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Amy Steier, Principal Machine Learning Scientist at Gretel.ai – Interview Series

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Amy Steier is the Principal Machine Learning Scientist at Gretel.ai, the world’s most advanced privacy engineering platform. Gretel makes it easy to embed privacy by design into the fabric of data-driven technology. Its AI-based, open-sourced libraries are designed for transforming, anonymizing, and synthesizing sensitive information.

Amy is a highly accomplished machine learning and data scientist with more than 20 years experience. Her passion is big data and surfacing the hidden intelligence within using techniques from machine learning, data mining, artificial intelligence and statistics. She is highly skilled in predictive modeling, classification, clustering, anomaly detection, data visualization, ensemble methods, information retrieval, cybersecurity analytics , NLP, recommendation models, and user behavioral analytics.

What initially attracted you to pursue a career in computer science and machine learning?

My sheer, unabashed, enduring love of data.  The power, mystery, intrigue and potential of data has always fascinated me.  Computer science and machine learning are tools for harnessing that potential. It’s also terribly fun to work in a field where the state of the art moves so quickly. I love the intersection of research and product. It’s very satisfying to take bleeding edge ideas, push them a little further, and then morph them to fit existing, tangible product needs.

For readers who are unfamiliar, could you explain what synthetic data is?

Synthetic data is data that looks and acts like the original data but is also different enough that it satisfies some use case.  The most common use case is the need to protect the privacy of the information in the original data. Another use case is the need to create additional data to increase the size of the original dataset. Yet another use case is to help address a class imbalance or perhaps demographic bias in the original data set.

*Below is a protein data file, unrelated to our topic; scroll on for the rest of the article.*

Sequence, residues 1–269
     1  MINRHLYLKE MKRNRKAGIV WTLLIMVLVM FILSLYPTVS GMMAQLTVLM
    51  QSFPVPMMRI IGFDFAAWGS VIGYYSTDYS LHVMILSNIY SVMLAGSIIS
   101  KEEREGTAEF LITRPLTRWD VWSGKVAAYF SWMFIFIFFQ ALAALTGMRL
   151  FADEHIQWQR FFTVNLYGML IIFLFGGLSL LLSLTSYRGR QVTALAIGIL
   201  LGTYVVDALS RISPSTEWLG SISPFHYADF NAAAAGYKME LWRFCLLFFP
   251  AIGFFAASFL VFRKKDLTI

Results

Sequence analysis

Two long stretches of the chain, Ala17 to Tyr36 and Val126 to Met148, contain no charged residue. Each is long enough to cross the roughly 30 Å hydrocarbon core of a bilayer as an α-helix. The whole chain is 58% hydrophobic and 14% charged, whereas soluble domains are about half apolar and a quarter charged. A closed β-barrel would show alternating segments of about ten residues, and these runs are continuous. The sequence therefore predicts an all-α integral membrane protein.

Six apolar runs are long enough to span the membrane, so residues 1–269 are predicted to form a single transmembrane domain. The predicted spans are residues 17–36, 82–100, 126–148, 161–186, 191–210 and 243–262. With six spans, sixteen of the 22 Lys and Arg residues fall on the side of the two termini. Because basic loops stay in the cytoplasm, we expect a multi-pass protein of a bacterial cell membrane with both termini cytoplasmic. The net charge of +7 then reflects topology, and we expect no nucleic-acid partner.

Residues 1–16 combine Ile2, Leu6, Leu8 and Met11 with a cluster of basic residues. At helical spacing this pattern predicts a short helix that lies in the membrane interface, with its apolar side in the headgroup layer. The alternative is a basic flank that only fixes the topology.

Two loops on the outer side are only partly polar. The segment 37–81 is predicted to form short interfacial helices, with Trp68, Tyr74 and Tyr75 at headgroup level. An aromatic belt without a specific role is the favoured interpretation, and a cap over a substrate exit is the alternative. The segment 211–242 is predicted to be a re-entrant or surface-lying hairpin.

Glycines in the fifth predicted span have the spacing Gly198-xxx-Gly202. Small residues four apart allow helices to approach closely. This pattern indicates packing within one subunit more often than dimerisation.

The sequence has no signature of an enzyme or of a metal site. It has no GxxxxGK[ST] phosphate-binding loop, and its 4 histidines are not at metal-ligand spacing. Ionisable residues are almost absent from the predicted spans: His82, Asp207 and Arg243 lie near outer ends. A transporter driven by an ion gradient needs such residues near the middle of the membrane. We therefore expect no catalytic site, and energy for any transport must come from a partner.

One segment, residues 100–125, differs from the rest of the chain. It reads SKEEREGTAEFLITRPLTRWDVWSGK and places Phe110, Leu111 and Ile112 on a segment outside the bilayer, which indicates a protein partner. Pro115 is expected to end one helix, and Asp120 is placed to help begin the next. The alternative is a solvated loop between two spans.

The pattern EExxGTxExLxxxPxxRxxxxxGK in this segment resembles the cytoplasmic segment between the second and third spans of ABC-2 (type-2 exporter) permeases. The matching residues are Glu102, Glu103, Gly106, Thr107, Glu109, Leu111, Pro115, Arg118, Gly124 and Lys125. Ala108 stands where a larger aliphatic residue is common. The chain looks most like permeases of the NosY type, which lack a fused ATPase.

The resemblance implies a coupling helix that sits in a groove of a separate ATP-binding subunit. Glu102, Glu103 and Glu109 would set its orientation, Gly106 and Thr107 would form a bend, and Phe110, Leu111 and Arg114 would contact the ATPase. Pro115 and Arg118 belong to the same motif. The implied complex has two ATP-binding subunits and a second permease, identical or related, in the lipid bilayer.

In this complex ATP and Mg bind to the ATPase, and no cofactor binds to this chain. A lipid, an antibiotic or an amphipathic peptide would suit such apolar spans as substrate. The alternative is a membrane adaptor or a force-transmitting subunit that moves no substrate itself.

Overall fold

Synthetic data allows us to continue developing new and innovative products and solutions when the data necessary to do so otherwise wouldn’t be present or available.

How does the Gretel platform work to create synthetic data via APIs?

Gretel privacy engineering APIs allow you to ingest data to Gretel and explore the data we are able to extract. These are the same APIs used by our Console. By exposing the APIs, through an intuitive interface, we hope to empower developers and data scientists to build their own workflows around Gretel.

While the console makes creating synthetic data very easy, the APIs enable you to integrate the creation of synthetic data into your workflow. I love using the APIs because it enables me to customize the creation of synthetic data to a very particular use case.

Could you discuss some of the tools that are offered by Gretel to help assess the quality of the synthetic data?

After the creation of synthetic data, Gretel will generate a Synthetic Report.  In this report you can see the Synthetic Data Quality Score (SQS), as well as a Privacy Protection Level grade (PPL).

The SQS score is an estimate of how well the generated synthetic data maintains the same statistical properties as the original dataset. In this sense, the SQS score can be viewed as a utility score or a confidence score as to whether scientific conclusions drawn from the synthetic dataset would be the same if one were to have used the original dataset instead.

The Synthetic Data Quality Score is computed by combining the individual quality metrics: Field Distribution Stability, Field Correlation Stability and Deep Structure Stability.

Field Distribution Stability is a measure of how well the synthetic data maintains the same field distributions as in the original data.  The Field Correlation Stability is a measure of how well correlations between fields were maintained in the synthetic data.  And finally the Deep Structure Stability measures the statistical integrity of deeper, multi-field distributions and correlations. To estimate this, Gretel compares a Principal Component Analysis (PCA) computed first on the original data, then again on the synthetic data.